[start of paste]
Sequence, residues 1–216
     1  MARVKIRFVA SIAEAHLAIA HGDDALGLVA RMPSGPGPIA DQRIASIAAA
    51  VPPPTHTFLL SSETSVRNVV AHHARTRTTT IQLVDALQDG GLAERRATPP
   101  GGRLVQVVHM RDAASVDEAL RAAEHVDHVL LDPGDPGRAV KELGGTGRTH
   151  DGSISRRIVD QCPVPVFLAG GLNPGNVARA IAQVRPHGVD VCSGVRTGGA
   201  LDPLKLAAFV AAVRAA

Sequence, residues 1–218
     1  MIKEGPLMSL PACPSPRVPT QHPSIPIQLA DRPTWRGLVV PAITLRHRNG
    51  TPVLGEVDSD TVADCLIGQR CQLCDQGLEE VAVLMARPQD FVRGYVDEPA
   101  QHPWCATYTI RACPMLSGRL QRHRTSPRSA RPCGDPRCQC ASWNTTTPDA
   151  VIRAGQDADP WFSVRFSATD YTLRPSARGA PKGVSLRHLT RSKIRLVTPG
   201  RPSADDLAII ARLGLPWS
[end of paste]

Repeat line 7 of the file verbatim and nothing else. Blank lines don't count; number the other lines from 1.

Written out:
Sequence, residues 1–218